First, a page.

African-American audiences have Black Entertainment Television, TV One and other national cable networks, but mega-media buyer MAGNA Global USA said there is room for local TV formats targeted to the African-American community, plus even more cable networks.
That's according to Director of Industry Analysis Brian Wieser, whose company controls a multi-billion dollar budget of media spending for the Interpublic Group of Companies, which includes ad agencies McCann-Erickson and Initiative.
According to Wieser's just-released report on multicultural media, digital multicasting technology would help make that prospect not only feasible, but relatively attractive.
The report also sees more potential for competition to BET, saying, "The economics of cable should allow for several networks…. The upstart TV One, backed by partial ownership from Comcast, should successfully demonstrate the demand for this format."
Wieser said such targeted media remain "undeveloped relative to their long-term potential," citing a list of positives including large concentrated populations and "manageable" distribution issues. "With advertiser support and experimentation," says the report--and Magna Global suggests it would be wise for advertisers to start experimenting--"these media may become new vehicles for marketers to effective reach audiences of the future.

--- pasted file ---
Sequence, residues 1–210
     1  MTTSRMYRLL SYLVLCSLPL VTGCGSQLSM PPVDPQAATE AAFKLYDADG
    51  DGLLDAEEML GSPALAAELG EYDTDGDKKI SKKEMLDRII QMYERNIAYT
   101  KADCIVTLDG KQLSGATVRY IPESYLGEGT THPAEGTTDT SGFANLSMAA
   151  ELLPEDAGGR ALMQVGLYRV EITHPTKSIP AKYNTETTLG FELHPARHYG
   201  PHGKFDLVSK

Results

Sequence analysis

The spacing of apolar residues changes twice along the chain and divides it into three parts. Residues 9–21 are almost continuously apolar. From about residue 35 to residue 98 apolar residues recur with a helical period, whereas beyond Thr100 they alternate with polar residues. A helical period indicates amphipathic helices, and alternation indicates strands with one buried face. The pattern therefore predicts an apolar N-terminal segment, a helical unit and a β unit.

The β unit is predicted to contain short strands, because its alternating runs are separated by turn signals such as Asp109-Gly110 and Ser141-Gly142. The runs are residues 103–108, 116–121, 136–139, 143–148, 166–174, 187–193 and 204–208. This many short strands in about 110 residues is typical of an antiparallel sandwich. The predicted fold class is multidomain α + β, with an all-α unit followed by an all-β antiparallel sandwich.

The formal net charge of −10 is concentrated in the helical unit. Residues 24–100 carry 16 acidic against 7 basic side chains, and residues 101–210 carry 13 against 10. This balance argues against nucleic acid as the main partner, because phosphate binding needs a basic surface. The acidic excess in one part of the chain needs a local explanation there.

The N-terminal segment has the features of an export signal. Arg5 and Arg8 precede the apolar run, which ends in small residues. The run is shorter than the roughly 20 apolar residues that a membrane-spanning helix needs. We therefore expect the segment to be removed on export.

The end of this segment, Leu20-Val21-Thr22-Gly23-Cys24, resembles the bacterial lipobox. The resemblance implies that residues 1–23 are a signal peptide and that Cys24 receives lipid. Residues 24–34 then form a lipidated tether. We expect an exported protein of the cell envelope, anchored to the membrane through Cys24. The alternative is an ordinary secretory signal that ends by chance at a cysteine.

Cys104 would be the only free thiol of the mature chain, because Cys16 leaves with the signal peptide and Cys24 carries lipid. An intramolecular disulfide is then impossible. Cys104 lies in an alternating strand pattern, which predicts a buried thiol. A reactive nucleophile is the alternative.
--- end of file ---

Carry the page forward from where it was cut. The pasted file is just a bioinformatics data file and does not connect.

There is a caveat in the form of an uncertain regulatory environment, however. "[T]he prospect of legislation requiring MSOs to offer networks on an a la carte basis has significant implications for TV One and other minority targeted networks."
Another uncertainly is multicast must-carry. Would targeted local channels still make sense if they didn't have mandatory cable carriage? Maybe, says Wieser. "To the extent that broadcasters have the frequencies to play with and digital-capable TV sets are more widely deployed, then in some markets it still starts to make sense, though less so without full multicast carriage."
But he points out that gaining multicast carriage would be a double-edged sword for programmers, boosting local programming efforts but squeezing out the national guy with the umpteenth iteration of a minority- targetted channel.